This metal is a vital constituent of many enzymes, of the blood protein hemoglobin, and of the muscle protein myoglobin. It is essential to the body's exchange of oxygen and carbon dioxide in the cells.
There are two kinds of iron sources: heme iron (iron from meat and other animal products) and nonheme iron (iron from plant foods). The human body absorbs heme iron more readily than nonheme iron.
The best sources of heme iron are liver (especially pork liver), kidney, and other red meats, as well as egg yolks. The best nonheme sources are leafy green vegetables, dried fruits, dried peas and beans, potatoes, whole-grain and enriched cereals, and blackstrap molasses.
A deficiency of iron leads to anemia (low hemoglobin levels or red-cell counts in the blood), which makes a person feel tired or run-down because the body can't use oxygen as efficiently as it should. Pregnant women, teenagers, and young female adults are especially prone.
Thanks in part to heavy promotion of iron supplements in decades past, many people have the impression that the more iron they get, the better. In fact, a chronic excess can cause liver damage and heart failure¾and a short-term megadose may trigger fatal shock. One symptom of overdose is stomach distress.
(To avoid iron overdose, it's important not to get too much vitamin C. See Vitamin C.)
Your Daily Allowance
Diet Power sets your Personal Daily Allowance (PDA) of iron at the Food and Nutrition Board's (FNB's) Recommended Dietary Allowance (RDA). The RDA was revised in January 2001. For males, it decreased; for females, it rose for ages 19 to 50 and dropped for ages 51 and up, as well as for those who are pregnant or lactating. The new RDA for males of age 14* to 18 is 11 milligrams; for males 19 and older it's 8 milligrams. For females from 14* to 18 it's 15 milligrams; for those 19 to 50 it's 18 milligrams; and for those 51 and older it's 8 milligrams. The figure for pregnancy is 27 milligrams regardless of age. For lactation it's 10 milligrams for ages 18 and under, 9 milligrams for ages 19 and up.
Iron and Vegetarians
The RDAs that we've just cited assume that three-quarters of your intake is heme iron. If you're on a vegetarian diet, says the FNB, "it has been suggested that the iron requirement is approximately two-fold greater."
Notice, however, that the FNB does not urge such a doubling itself, and that it uses the word suggested instead of recommended. The implication is that, at least to some extent, vegetarians are on their own when it comes to deciding their iron intake. Ask your doctor for advice.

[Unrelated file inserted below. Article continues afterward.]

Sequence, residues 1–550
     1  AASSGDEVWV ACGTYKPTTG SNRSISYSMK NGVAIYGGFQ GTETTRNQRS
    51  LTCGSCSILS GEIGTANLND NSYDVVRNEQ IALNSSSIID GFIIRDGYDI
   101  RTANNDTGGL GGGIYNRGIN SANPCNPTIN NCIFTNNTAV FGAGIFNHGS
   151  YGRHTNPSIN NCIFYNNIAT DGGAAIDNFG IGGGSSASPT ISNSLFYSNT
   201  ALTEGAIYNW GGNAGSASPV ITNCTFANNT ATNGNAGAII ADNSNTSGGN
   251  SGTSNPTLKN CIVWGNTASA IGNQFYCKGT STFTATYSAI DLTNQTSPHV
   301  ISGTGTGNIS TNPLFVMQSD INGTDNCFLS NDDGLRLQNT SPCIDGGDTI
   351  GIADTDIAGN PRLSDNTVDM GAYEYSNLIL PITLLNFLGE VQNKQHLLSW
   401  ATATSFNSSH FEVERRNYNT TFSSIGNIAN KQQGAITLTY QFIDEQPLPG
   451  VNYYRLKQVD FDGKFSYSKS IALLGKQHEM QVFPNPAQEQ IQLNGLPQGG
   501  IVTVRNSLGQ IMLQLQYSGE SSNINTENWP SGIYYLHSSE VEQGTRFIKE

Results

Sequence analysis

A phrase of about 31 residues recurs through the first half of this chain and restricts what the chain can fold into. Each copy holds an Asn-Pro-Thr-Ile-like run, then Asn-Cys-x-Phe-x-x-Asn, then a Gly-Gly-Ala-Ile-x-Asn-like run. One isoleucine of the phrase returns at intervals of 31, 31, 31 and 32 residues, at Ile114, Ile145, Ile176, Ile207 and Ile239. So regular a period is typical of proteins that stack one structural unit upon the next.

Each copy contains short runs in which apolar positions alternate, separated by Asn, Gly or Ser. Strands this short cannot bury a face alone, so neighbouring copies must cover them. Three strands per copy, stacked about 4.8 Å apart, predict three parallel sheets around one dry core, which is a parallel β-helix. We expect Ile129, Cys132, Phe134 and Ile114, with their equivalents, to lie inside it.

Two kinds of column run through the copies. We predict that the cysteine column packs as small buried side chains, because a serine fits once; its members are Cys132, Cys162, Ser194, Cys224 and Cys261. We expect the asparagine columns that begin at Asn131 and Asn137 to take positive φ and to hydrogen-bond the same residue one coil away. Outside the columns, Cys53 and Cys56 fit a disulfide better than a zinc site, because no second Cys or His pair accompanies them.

Also in January 2001, the FNB announced a Tolerable Upper Intake Level (UL) for iron. The UL for people aged 14* and older is 45 milligrams per day, regardless of age, sex, or reproductive state.
* Please remember that Diet Power is not designed for people under 15.
Revising Your Allowance
Diet Power automatically sets your Personal Daily Allowance of iron when you enroll in the program, but you can change your PDA to reflect your physician's recommendation. See Personal Daily Allowances, Editing Your.
Color Coding of This Nutrient
The iron bar in your personal Nutrient History is:
· blue for "good" if you've logged 100 to 150 percent of your PDA
· red for "bad" if you've logged less than 100 percent of your PDA or more than the Tolerable Upper Intake Level (UL)
· yellow for "caution" if you've logged more than 150 percent of your PDA
· missing if you've logged no iron.
In the nutrient profile of a food or recipe, the iron bar is:
· green for "good" if getting your entire PDA of calories from this item would give you more than 150 percent of your PDA of iron
· magenta for "bad" if getting all your calories from the item would give you less than 50 percent of your PDA of iron
· blue for "neutral" otherwise
· missing if the amount of iron is either zero or (when the word Iron is grayed out) unknown.
How Complete Are Diet Power's Iron Readings?
For the 8500 generic items in the Food Dictionary: very complete. Only 0.4 percent list their iron content as "unknown."
For the 2500 chain-restaurant items: not terribly complete. About 28 percent list iron as "unknown."
For all 11,000 items combined: fairly complete. About 6 percent list iron as "unknown."
(The percentage of unknowns will be higher, of course, if most of the foods that you've added to the dictionary lack iron figures.)
To see whether a particular food has an iron reading, open the Food Dictionary and check the food's nutrient profile. If you find a question mark beside "Iron," it means the amount is unknown. (To see all foods with unknown iron readings, click the dictionary's PowerFoods tab and sort the foods by iron power; then scroll toward the bottom of the list until you see foods with question marks in the "Power Rating" column.)
Iron on Food Labels
Almost all labels are required to report iron content. It is usually cited as a percentage of the Daily Value (DV), 18 milligrams. (The Daily Value is not necessarily right for you¾it's a rough estimate meant to accommodate most of the U.S. population.)
For more on label regulations, see Labels, Food.